Unknown, which human knowledge could not reach
For which, to the Infinitely Good, we owe
Immortal thanks, and his admonishment
Receive, with solemn purpose to observe
Immutably his sovereign will, the end
Of what we are.

But since thou hast vouchsafed
Gently for our instruction, to impart
Things above earthly thought, and yet concern'd,
Our knowing, as to highest wisdom seem'd,
Deign to descend now lower, and relate

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What may no less perhaps avail us known;
How first began this Heaven, which we behold
Distant so high, with moving fires adorn'd,
Innumerable, and this which yields or fills
All space, the ambient air, wide interfused,
Embracing sound this florid earth : what cause
Moved the Creator, in his holy rest,
Through all eternity so late to build
In Chaos, and the work begun, how soon
Absolved; if unforbid thou may'st unfold,
What we, not to explore the secrets, ask
Of his eternal empire, but the more
To magnify his works, the more we know.
And the great light of day yet wants to run
Much of his race, though steep; suspense in Heaven,
Held by thy voice, thy potent voice, he hears,
And longer will delay to hear thee tell
His generation, and the rising birth
Of nature from the unapparent deep :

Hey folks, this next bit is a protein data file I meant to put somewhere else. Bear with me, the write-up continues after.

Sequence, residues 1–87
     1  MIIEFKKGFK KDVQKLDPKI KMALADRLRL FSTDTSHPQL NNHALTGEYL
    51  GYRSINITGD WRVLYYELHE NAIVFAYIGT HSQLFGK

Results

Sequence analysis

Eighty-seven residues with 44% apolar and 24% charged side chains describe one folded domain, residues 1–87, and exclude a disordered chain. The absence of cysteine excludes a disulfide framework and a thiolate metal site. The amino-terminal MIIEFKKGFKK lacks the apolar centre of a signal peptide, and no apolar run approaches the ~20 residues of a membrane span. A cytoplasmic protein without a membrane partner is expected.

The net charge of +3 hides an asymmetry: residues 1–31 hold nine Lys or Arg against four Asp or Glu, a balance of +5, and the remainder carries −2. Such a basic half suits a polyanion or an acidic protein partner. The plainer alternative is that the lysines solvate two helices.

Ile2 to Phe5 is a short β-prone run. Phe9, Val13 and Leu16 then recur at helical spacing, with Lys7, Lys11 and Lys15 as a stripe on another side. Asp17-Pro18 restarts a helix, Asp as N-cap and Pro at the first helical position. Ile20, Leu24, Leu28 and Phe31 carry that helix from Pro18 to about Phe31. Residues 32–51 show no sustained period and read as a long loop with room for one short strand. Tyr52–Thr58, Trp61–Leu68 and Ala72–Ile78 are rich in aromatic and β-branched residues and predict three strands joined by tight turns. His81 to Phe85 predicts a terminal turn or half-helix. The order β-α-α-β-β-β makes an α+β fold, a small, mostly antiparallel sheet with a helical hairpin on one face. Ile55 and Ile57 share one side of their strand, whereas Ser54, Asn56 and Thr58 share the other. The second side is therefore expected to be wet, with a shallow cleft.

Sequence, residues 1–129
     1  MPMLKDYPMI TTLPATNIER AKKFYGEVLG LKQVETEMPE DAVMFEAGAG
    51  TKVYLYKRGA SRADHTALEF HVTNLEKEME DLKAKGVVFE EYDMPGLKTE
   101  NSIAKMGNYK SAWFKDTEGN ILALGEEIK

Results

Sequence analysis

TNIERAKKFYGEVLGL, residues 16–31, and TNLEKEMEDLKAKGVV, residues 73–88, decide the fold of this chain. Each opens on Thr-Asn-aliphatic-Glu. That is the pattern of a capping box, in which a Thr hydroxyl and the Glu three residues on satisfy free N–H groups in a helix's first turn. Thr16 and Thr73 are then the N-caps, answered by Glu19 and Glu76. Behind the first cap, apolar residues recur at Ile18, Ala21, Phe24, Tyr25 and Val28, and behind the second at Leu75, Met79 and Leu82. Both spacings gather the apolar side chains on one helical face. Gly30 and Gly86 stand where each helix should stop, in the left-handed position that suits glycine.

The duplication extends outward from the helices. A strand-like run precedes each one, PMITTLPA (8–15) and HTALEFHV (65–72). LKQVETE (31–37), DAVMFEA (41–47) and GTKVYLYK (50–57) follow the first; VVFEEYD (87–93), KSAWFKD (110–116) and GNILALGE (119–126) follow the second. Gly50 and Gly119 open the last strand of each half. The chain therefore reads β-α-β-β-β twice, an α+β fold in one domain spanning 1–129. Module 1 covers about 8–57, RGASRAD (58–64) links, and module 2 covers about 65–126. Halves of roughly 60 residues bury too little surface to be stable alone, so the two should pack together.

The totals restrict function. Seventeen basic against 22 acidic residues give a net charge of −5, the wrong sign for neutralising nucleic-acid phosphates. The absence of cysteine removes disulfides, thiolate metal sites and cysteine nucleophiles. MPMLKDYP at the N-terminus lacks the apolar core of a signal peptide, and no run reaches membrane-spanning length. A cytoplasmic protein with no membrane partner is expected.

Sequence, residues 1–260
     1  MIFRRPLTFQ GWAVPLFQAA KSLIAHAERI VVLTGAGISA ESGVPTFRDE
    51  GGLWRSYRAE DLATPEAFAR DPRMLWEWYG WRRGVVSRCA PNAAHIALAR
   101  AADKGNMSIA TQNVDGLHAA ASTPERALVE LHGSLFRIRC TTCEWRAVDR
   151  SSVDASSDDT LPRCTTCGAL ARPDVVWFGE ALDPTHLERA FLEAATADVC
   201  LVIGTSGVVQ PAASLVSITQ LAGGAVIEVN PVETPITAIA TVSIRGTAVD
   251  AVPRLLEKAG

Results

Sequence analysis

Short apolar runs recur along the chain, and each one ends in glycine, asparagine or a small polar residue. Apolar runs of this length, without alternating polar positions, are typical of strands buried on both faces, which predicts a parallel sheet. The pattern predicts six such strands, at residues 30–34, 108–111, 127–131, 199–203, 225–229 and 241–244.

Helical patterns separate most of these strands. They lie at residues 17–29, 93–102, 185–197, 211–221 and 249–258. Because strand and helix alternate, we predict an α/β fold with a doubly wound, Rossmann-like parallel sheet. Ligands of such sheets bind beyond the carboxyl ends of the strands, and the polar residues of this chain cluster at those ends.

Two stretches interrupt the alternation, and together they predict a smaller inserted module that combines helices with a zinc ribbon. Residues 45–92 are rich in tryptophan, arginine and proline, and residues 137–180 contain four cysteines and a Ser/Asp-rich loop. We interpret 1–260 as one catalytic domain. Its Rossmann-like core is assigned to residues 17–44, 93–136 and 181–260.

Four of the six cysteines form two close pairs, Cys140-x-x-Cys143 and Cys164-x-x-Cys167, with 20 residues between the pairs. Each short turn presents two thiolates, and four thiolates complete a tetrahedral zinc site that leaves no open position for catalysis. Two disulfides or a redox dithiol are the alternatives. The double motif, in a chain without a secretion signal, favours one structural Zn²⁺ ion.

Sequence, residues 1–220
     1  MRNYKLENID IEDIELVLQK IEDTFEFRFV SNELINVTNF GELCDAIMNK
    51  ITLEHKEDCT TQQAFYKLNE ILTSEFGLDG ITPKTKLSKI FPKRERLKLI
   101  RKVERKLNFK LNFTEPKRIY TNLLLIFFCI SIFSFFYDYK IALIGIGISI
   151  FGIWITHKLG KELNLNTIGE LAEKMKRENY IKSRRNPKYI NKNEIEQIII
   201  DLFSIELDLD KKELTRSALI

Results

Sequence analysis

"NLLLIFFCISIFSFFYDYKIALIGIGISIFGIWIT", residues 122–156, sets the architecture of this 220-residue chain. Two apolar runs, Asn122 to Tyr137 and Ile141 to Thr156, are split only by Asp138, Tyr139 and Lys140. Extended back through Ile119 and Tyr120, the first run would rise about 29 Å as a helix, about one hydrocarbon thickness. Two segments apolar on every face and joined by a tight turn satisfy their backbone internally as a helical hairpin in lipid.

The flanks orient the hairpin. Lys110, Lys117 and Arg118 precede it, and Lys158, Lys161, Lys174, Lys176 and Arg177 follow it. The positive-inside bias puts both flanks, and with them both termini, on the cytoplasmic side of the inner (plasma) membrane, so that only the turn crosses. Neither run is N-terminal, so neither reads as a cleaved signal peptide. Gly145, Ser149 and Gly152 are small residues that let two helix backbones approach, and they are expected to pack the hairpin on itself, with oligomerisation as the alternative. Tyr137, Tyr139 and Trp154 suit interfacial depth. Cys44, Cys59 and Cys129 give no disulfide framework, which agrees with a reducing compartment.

Or if the star of evening, and the moon,
Haste to thy audience, night with her will bring
Silence, and sleep, listening to thee, will watch;
Or we can bid his absence, till thy song
End, and dismiss thee ere the morning shine.”

Thus Adam his illustrious guest besought:
And thus the Godlike angel answer'd, mild.

This also, thy request with caution ask'd,
Obtain ; though, to recount Almighty works,
What words or tongue of seraph can suffice,
Or heart of man suffice to comprehend ?
Yet what thou canst attain, which best may serve
To glorify the Maker, and infer
Thee also happier, shall not be withheld
Thy hearing ; such commission from above
I have received, to answer thy desire
Of knowledge, within bounds; beyond, abstain
To ask, nor let thine own invention hope
Things not reveal'd, which the invisible King,
Only Omniscient, hath suppress'd in night,
To none communicable, in Earth or Heaven:
Enough is left besides, to search and know.
But knowledge is as food, and needs no less
Her temperance over appetite, to know
In measure, what the mind may well contain ;
Oppresses else with surfeit, and soon turns
Wisdom to folly, as nourishment to wind,

“Know then, that after Lucifer from Heaven,

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So call him, brighter once amidst the host
Of angels, than that star the stars among,
Fell with his flaming legions, through the deep,
Into his place, and the great Son return'd

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Victorious with his saints; the omnipotent
Eternal Father from his throne beheld
Their multitude, and to his Son thus spake.

"• At least our envious foe hath fail'd, who though All like himself rebellious, by whose aid

140 This inaccessible high strength, the seat Of Deity supreme, us dispossessid, He trusted to have seized ; and into fraud Drew many, whom their place knows here no more: Yet far the greater part have kept, I see,

145 Their station ; Heaven, yet populous, retains Number sufficient to possess her realms, Though wide, and this high temple to frequent, With ministeries due, and solemn rites. But lest his heart exalt him, in the harm